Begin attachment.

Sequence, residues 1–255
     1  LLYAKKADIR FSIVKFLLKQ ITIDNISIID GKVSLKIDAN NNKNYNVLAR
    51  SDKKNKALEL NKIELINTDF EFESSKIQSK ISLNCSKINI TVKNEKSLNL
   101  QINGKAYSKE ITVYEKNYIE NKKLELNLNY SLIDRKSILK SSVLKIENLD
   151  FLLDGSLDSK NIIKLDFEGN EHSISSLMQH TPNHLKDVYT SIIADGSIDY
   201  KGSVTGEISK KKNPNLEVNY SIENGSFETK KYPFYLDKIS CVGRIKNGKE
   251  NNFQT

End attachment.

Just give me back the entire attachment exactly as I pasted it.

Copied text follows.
Sequence, residues 1–255
     1  LLYAKKADIR FSIVKFLLKQ ITIDNISIID GKVSLKIDAN NNKNYNVLAR
    51  SDKKNKALEL NKIELINTDF EFESSKIQSK ISLNCSKINI TVKNEKSLNL
   101  QINGKAYSKE ITVYEKNYIE NKKLELNLNY SLIDRKSILK SSVLKIENLD
   151  FLLDGSLDSK NIIKLDFEGN EHSISSLMQH TPNHLKDVYT SIIADGSIDY
   201  KGSVTGEISK KKNPNLEVNY SIENGSFETK KYPFYLDKIS CVGRIKNGKE
   251  NNFQT